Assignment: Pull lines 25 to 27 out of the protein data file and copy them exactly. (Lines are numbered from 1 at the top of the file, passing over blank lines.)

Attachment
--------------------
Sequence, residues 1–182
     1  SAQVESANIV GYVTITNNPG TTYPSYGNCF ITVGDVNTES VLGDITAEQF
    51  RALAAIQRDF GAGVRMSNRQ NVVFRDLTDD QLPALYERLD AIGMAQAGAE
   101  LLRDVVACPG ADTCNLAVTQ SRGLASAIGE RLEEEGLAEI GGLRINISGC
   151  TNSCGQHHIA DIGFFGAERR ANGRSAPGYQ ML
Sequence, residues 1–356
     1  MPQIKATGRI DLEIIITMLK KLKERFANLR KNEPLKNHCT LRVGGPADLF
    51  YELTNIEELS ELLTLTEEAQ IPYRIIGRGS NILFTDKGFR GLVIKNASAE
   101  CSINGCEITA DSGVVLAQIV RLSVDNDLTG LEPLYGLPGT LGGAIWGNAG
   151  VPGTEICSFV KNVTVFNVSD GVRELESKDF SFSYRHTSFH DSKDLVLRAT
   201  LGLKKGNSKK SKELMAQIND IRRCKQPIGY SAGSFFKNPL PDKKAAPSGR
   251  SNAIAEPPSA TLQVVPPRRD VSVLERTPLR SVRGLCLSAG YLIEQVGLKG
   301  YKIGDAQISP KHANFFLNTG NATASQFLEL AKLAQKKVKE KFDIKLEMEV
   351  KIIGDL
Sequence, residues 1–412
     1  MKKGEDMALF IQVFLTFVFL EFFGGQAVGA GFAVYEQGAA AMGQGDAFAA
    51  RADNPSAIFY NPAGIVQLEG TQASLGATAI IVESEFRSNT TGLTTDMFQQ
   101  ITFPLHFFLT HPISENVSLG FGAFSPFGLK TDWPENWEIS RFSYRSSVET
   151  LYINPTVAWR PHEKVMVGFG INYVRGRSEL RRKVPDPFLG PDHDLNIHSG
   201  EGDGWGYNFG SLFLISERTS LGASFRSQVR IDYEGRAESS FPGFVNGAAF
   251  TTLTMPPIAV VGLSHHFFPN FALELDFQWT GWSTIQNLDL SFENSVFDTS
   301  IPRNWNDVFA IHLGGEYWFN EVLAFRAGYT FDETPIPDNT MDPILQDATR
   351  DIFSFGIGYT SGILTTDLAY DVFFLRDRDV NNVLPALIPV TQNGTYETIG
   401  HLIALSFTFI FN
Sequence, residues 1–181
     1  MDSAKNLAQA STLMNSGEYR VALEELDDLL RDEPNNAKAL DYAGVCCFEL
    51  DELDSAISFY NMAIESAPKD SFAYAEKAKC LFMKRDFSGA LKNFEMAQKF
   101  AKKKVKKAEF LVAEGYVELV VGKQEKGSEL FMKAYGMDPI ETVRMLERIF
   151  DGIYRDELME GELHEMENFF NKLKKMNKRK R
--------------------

Sequence, residues 1–181
     1  MDSAKNLAQA STLMNSGEYR VALEELDDLL RDEPNNAKAL DYAGVCCFEL
    51  DELDSAISFY NMAIESAPKD SFAYAEKAKC LFMKRDFSGA LKNFEMAQKF